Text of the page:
16 November 2020 Children and learning

Your views please on managing school places in future

There’s still time to give your views on the council's plans for reducing the total number of school places across Brighton & Hove for the academic year starting in September 2022.

Public consultation continues until 27 November. Have your say here.

Brighton & Hove City Council’s education team has run a series of public meetings across the city. The council’s online information has been updated to include responses to questions raised at the meetings about school planning areas, pupil forecasting and other issues.

There are predicted to be around 19% surplus places city-wide by September 2022. This is far more than the government recommends. There are concerns that it could lead to some schools facing serious financial problems.
  
Residents are being asked for their views on proposals to reduce the Published Admission Numbers (PAN) of nine schools in the city. They are: 

  • Balfour Primary School from 120 to 90 pupils
  • Benfield Primary School from 60 to 30 pupils
  • Brunswick Primary School from 120 to 90 pupils
  • Downs Infant School from 120 to 90 pupils
  • Goldstone Primary School from 90 to 60 pupils
  • Moulsecoomb Primary School from 60 to 30 pupils
  • Stanford Infant School from 90 to 60 pupils
  • West Blatchington Primary School from 60 to 30 pupils
  • Hove Park School and Sixth Form from 300 to 180 pupils.

The proposals have been developed through a cross-party working group of councillors.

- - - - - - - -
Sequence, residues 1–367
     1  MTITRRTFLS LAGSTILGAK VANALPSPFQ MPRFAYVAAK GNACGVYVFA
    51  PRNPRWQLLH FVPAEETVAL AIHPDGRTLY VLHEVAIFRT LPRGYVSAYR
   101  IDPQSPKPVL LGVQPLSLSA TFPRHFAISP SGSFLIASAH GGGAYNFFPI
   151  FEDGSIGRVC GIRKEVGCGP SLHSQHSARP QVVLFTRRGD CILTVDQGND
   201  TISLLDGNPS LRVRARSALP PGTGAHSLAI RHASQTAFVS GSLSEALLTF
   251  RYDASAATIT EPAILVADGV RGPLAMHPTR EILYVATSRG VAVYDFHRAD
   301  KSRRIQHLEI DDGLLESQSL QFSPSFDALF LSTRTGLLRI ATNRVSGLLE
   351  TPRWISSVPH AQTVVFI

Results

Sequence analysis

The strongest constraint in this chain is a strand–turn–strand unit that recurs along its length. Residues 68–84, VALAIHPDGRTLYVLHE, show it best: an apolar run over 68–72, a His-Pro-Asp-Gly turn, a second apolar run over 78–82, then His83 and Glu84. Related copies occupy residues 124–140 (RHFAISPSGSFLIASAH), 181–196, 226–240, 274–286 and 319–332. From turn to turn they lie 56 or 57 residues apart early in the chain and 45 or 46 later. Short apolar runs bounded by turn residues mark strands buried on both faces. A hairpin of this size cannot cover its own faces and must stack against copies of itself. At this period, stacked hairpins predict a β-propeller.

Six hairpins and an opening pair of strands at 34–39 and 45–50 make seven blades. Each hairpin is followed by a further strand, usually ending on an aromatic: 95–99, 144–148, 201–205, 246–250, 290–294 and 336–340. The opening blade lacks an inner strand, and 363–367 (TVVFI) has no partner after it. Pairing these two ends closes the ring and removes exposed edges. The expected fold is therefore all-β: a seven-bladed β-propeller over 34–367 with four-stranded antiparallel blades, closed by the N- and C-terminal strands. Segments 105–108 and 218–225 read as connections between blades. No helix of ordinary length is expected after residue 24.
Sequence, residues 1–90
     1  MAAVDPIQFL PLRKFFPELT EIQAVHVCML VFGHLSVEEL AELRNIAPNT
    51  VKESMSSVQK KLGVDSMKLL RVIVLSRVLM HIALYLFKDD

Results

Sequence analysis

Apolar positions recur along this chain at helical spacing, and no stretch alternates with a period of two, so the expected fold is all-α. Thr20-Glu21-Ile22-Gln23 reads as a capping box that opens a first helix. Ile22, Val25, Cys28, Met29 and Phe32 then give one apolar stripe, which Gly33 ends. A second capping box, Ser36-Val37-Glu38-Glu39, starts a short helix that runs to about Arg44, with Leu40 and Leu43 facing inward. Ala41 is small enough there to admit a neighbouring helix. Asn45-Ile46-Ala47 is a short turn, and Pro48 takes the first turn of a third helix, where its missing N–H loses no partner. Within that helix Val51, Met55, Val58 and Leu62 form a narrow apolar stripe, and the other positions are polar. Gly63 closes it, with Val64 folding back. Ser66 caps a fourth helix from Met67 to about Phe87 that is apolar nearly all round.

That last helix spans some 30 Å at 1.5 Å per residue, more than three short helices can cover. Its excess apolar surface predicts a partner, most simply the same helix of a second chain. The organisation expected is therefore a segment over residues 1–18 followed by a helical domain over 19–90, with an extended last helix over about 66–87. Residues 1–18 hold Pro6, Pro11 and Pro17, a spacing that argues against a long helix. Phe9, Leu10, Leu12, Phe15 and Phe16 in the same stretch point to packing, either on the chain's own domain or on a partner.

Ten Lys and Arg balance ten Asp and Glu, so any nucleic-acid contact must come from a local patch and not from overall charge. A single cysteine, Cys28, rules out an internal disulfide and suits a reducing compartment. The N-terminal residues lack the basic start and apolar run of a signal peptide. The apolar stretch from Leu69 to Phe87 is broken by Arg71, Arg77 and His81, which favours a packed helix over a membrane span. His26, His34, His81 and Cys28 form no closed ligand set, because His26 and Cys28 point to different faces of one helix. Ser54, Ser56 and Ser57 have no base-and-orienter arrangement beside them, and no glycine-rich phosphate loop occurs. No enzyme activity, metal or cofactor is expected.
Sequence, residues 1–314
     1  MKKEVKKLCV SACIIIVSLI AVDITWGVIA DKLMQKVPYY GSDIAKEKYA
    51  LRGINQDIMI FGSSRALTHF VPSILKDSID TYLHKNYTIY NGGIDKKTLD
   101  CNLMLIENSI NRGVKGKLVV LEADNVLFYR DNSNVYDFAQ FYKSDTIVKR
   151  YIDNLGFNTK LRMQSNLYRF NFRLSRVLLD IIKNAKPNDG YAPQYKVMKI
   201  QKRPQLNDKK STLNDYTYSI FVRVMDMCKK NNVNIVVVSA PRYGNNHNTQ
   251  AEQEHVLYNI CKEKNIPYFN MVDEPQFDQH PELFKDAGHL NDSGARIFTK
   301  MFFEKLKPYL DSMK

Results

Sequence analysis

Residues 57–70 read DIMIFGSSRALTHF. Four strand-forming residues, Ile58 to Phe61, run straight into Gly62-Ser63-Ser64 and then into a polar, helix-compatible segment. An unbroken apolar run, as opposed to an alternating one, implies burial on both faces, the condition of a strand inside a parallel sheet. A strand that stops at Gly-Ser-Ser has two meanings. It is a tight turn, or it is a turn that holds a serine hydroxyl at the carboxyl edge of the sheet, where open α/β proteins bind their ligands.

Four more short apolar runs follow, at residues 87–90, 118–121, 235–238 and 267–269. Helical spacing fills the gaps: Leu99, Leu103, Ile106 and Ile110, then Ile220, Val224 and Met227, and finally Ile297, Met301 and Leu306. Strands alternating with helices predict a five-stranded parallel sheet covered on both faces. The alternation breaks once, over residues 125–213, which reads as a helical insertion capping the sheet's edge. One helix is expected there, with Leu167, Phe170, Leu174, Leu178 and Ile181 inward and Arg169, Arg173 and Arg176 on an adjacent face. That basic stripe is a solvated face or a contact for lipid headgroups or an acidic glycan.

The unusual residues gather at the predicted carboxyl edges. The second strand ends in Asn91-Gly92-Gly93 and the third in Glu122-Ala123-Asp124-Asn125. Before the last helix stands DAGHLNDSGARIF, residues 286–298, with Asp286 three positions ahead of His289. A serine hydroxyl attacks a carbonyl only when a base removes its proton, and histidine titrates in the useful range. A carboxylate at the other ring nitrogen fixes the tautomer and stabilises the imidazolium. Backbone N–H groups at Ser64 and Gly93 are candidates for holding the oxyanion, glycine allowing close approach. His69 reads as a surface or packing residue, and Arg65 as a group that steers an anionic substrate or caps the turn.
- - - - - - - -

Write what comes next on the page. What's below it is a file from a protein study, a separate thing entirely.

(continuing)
The chair of the council's Children, Families and Schools committee, Councillor Hannah Clare said: “Our priority is to ensure that families have a wide choice of schools. By managing the large number of spare places we have, we aim to make sure we can keep all schools in the city open. 

“We want to be able to offer families school places within a reasonable distance of their home.  

“Sadly, having too many school places puts our schools at financial risk. This is because they may end up supporting multiple classes that aren’t full – without the funding to provide enough support to those pupils. 

“This means we will need to make some difficult decisions. 

“This consultation is an important chance for our residents to give their views on how we achieve these aims, along with providing detail around routes to school and any other issues they may wish to raise.
 
“But given government rules that determine school funding I think most people would agree that doing nothing is simply not an option.”

Decisions about school numbers for September 2022 need to be agreed by the end of February 2021.
 
The committee will consider the results of the consultation and make decisions early in the new year.